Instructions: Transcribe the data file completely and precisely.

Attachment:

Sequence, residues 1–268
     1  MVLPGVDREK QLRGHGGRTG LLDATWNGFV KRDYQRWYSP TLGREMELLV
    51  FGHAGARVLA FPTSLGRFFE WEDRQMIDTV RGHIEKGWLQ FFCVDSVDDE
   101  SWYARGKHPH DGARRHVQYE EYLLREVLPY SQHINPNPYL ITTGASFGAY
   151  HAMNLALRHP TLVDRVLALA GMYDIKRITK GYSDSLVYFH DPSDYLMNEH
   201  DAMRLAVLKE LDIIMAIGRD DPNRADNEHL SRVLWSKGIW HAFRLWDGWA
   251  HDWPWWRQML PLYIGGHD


Sequence, residues 1–268
     1  MVLPGVDREK QLRGHGGRTG LLDATWNGFV KRDYQRWYSP TLGREMELLV
    51  FGHAGARVLA FPTSLGRFFE WEDRQMIDTV RGHIEKGWLQ FFCVDSVDDE
   101  SWYARGKHPH DGARRHVQYE EYLLREVLPY SQHINPNPYL ITTGASFGAY
   151  HAMNLALRHP TLVDRVLALA GMYDIKRITK GYSDSLVYFH DPSDYLMNEH
   201  DAMRLAVLKE LDIIMAIGRD DPNRADNEHL SRVLWSKGIW HAFRLWDGWA
   251  HDWPWWRQML PLYIGGHD